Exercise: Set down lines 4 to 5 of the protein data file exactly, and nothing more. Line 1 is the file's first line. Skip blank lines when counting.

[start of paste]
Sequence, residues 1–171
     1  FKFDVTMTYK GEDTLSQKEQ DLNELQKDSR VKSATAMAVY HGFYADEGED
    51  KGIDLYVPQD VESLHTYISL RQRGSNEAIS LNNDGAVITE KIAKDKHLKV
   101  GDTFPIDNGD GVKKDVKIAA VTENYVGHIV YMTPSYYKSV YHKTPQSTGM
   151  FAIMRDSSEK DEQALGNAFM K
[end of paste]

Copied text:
   101  GDTFPIDNGD GVKKDVKIAA VTENYVGHIV YMTPSYYKSV YHKTPQSTGM
   151  FAIMRDSSEK DEQALGNAFM K